Methodology and Modifications:

 Named after its creator Arpad Elo, the Elo rating system measures the relative skill of competitors or teams. Although Elo ratings were first used in chess, FiveThirtyEight and others have popularized the use of Elo ratings for American football, basketball, and baseball.

While Elo rating systems are used frequently in many sports, the rating system itself is not naturally suited to analyze matches that involve many players and one winner. Elo ratings are instead designed for matches between two competitors. Generally, the equation is as follows:

New Rating = Previous Rating +K(Event Score – Expected Event Score)

The event score is the score awarded to the competitor for a win, loss, or place finish. In a field of 36 to 40 competitors, the event score cannot be a simple 1 or 0 for a win or loss. Rather, positive or negative values are attached to specific place finishes. The expected event score for a general Elo rating is calculated with the following equation:

Expected Event Score = 1/(10-(Previous Rating – Opponent Rating)/400+1)

Now, many elements within these equations must be modified to accommodate NASCAR races that feature up to 40 competitors. As was previously mentioned, place values must be assigned for each individual finishing position. Using logic from Gautam Narula, who created a multiplayer Elo rating system for the board game, Settlers of Catan, I assigned positive values to the first twenty drivers. Negative values were assigned to the next twenty drivers. The list of values assigned to each position follows:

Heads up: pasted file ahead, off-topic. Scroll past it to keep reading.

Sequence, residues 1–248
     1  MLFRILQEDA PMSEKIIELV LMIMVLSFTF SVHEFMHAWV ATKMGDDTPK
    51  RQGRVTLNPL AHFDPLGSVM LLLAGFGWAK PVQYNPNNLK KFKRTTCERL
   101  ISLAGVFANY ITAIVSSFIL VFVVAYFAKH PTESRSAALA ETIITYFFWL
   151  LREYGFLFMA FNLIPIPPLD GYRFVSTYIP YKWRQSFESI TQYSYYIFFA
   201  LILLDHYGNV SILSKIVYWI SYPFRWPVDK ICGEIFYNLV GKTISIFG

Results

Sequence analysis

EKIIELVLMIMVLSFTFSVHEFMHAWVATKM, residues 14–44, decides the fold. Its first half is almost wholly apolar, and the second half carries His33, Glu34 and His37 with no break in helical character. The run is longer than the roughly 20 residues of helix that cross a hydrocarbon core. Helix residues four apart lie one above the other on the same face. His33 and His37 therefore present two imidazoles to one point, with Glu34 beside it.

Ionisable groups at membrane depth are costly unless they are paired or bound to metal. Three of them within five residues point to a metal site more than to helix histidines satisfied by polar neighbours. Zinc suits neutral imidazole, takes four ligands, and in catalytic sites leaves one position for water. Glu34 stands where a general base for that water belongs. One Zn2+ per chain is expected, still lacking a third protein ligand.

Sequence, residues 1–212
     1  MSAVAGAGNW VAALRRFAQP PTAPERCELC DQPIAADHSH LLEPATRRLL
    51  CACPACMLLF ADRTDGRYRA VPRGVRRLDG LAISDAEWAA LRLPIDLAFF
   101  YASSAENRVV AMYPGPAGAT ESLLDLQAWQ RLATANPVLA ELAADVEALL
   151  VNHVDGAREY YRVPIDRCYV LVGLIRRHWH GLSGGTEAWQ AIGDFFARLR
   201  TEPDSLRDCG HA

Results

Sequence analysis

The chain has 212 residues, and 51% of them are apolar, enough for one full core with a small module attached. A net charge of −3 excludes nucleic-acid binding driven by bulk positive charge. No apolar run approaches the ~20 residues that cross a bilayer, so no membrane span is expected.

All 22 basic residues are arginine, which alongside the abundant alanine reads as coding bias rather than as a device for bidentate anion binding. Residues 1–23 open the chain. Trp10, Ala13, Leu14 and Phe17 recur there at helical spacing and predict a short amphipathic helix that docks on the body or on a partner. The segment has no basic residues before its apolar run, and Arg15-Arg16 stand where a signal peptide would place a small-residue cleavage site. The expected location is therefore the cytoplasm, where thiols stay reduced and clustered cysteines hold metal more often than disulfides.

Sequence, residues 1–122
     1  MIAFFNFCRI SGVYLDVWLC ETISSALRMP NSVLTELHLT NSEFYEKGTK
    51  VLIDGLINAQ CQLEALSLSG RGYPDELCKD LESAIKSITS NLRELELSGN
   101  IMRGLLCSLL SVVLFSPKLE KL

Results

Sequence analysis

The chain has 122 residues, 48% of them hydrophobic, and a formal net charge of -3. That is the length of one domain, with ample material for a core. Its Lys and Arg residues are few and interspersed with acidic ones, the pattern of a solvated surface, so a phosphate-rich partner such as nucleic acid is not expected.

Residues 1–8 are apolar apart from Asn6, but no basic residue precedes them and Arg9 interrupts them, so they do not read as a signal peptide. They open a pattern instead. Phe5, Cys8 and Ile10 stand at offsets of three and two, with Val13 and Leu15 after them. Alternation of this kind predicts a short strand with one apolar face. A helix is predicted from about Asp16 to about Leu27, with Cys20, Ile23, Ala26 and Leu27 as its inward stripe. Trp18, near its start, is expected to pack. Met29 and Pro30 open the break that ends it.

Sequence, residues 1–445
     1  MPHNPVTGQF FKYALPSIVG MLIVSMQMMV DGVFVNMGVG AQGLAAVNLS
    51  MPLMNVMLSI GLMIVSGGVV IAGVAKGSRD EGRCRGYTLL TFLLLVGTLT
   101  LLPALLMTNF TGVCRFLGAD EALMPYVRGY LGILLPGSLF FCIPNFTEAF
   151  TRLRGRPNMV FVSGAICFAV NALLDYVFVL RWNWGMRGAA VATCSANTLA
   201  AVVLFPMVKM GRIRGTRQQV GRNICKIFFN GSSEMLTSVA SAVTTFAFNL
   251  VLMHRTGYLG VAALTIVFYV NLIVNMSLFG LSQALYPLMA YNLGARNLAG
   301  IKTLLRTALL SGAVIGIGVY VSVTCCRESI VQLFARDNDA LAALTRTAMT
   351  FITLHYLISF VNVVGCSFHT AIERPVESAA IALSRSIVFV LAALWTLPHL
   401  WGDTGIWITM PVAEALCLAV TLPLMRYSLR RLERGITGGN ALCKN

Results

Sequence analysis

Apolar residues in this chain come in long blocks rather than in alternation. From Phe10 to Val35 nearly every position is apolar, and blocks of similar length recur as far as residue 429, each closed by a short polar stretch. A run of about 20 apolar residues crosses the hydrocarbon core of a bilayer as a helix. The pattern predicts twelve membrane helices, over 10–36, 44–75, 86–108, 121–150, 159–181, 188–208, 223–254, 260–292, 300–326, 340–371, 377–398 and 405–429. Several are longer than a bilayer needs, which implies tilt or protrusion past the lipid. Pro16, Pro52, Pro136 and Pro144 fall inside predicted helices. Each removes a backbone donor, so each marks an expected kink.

Final Position Value Assigned
1 1
2 0.9
3 0.75
4 0.65
5 0.55
6 0.45
7 0.35
8 0.25
9 0.2
10 0.15
11 0.125
12 0.1
13 0.085
14 0.075
15 0.065
16 0.055
17 0.045
18 0.035
19 0.025
20 0.012
21 -0.012
22 -0.025
23 -0.075
24 -0.1
25 -0.125
26 -0.135
27 -0.145
28 -0.155
29 -0.175
30 -0.195
31 -0.215
32 -0.235
33 -0.255
34 -0.295
35 -0.345
36 -0.435
37 -0.55
38 -0.7
39 -0.8
40 -0.9

Unfortunately, varying driver participation exists in NASCAR. This season, I did not change the value of the ratings that were awarded if only 36 drivers participated in a race. This is problematic in that drivers in races of 36 drivers were punished less for finishing last. Additionally, the values assigned are somewhat arbitrary. What value positions should receive is subjective, especially since I did not run my final Elo rating system against multiple seasons of data.